Characterizing the Biomechanical Exposures Associated with Common and High Demand Personal Support Worker Tasks
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Background: The physical demands that personal support workers (PSWs) are exposed to are increasing as our population ages and our society is increasingly shifting to at-home care, resulting in increases in workload demands. However, PSWs are also developing high rates of musculoskeletal disorders (MSD) likely because of increased exposure to physical task demands. There is a need to intervene to protect these essential healthcare workers. Presently, little is known about the biomechanical exposure characteristics associated with PSW work tasks, especially within a home care setting. PSW work is highly dynamic and a wide range of tasks with different loading scenarios are completed. This means that the time-series exposure patterns are also likely varied over a work shift or work week, where this variation may be important when designing effective ergonomic interventions. As an example intervention strategy, workload management may be an effective approach to monitor, assess, and redistribute workload as needed to provide recovery windows to reduce and mitigate the accumulation of exposure. Real-time tracking and the continuous monitoring of PSW exposures, or surrogates, may assist in the assessment of injury risk. To better understand the biomechanical exposure characteristics associated with common PSW work tasks and to explore the potential utility of ratings of perceived exertion (RPE) as a potential surrogate measure to track PSW workload, this thesis aimed to address the following two objectives and corresponding research questions: Objectives: 1. Characterize biomechanical exposure metrics associated with the performance of common and highly demanding PSW work tasks. 2. Evaluate the relationship between RPE and the biomechanical exposure metrics. Research Questions: 1. What are the biomechanical exposures experienced by PSWs when performing simulated common and physically demanding work tasks? 2. What is the relationship between RPE and biomechanical exposure metrics (peak low back flexion angle, peak low back extensor moment, cumulative low back extensor moment) when performing common and physically demanding PSW work tasks? Methods: Twenty PSWs were recruited to complete 12 work tasks within a laboratory setting, where full body kinematics and hand forces were collected for all trials. A whole-body top-down rigid link modelling approach was used to calculate biomechanical exposure metrics. Peak low back flexion angle along with peak and cumulative extensor moments were calculated. Linear regressions tested for relationships between post-task RPE scores and 1) peak low back angles, 2) peak low back extensor moment, and 3) cumulative low back extensor moment at an individual level, where corresponding regression statistics from each participant were the aggregated at the group level. Results: Patient handling tasks, such as transfers and repositioning tasks, had the highest peak extensor moments (ranging from 115-157 Nm), while having the lowest cumulative moment values (1329 – 4552 Nm*s). In contrast, patient care tasks such as bathing, dressing/undressing, and compression stocking application, had the highest cumulative extensor moment values (2623 – 8089 Nm*s) and lower peak moments (92 – 107 Nm). Additionally, patient care tasks took the longest to complete and required participants to frequently adopt moderate (20-45 degrees) to severe (>45 degrees) levels of low back flexion. A significant moderate positive relationship was found between RPE scores and cumulative low back extensor moment (p<0.05, R=0.60). No significant relationship was found between RPE scores and both peak low back flexion angle (p<0.05, R=0.16) and peak low back extensor moment (p<0.05, R=-0.13). Discussion: The biomechanical exposure characteristics of PSW work are task dependent. Patient handling tasks subjected PSWs to high peak loads for brief periods of time. Patient care tasks, on the other hand, imposed lower magnitudes of loading for extended time duration. It is well established that low back injury pathways are different when loading is high, but brief, relative to lower in magnitude, but sustained. As such, it appears that groupings of tasks may be of more interest to consider and intervene from the perspective of reducing high peak loads, where others might be better viewed from a cumulative load perspective. Therefore, in the design and development of any effective ergonomic interventions, it may be important to consider task-specific loading profiles and how they may influence injury development based on corresponding pathways. Task characterization as quantified within the current study can serve as a foundation to inform workflow management and patient scheduling decisions in an attempt to optimize temporal aspects of loading. RPE scores could be used as a surrogate for cumulative low back extensor moment, which may have utility as an easy-to-implement assessment tool to track the accumulation of spine extensor moment loading. These findings can inform additional work to evaluate how real-time RPE tracking functions within real work settings and can explore other metrics that might help to better monitor and track exposures during short duration, high load tasks.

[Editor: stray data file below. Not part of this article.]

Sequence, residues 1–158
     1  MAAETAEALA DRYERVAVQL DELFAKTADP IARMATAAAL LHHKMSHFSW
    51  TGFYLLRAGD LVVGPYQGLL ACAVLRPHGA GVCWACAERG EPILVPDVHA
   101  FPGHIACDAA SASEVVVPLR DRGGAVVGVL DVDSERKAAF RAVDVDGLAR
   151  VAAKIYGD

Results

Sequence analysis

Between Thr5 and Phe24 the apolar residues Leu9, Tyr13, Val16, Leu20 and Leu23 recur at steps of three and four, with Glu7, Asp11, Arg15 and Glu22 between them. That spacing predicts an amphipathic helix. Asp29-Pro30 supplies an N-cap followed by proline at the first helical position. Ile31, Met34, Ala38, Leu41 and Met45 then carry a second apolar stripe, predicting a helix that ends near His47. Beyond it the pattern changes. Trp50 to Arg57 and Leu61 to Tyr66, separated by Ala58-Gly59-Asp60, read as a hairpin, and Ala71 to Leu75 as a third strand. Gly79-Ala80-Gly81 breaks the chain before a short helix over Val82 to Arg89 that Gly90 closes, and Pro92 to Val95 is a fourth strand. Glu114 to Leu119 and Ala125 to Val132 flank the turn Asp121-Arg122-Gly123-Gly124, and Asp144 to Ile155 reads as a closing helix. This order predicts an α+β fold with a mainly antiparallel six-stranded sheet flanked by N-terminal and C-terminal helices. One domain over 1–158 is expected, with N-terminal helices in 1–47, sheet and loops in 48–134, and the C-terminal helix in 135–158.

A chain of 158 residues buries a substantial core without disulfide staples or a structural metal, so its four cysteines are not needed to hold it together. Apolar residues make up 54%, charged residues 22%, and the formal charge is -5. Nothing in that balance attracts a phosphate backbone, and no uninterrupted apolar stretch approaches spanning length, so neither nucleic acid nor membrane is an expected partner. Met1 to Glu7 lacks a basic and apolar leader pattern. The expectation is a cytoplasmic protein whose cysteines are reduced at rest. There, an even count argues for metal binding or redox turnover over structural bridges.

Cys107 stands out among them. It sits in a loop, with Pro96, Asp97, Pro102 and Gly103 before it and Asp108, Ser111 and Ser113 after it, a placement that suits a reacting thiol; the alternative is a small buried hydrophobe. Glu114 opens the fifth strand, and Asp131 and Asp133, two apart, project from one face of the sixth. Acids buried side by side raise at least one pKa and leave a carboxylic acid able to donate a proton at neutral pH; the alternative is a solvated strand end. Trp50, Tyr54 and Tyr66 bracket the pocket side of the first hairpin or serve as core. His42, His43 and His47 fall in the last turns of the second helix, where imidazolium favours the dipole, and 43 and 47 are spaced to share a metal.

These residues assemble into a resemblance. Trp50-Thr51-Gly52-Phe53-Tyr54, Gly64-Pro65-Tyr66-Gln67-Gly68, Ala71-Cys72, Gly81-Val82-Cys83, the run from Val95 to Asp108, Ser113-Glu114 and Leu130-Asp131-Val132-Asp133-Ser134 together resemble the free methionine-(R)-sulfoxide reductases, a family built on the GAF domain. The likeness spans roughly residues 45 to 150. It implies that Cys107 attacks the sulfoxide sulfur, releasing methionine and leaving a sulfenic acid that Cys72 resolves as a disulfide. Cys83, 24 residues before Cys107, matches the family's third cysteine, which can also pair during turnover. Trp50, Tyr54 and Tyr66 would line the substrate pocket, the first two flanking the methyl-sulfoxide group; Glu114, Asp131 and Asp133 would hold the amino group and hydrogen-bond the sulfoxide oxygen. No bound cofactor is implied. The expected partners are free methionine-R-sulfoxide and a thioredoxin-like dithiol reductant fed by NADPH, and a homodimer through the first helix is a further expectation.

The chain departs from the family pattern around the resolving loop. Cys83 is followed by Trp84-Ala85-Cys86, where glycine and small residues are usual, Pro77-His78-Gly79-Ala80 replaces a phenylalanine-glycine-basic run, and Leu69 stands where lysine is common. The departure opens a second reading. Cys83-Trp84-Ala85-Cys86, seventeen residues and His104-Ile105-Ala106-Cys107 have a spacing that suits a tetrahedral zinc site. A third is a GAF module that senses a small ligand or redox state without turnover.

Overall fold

Cite this version of the work
Daphne Ho (2023). Characterizing the Biomechanical Exposures Associated with Common and High Demand Personal Support Worker Tasks. UWSpace. http://hdl.handle.net/10012/19813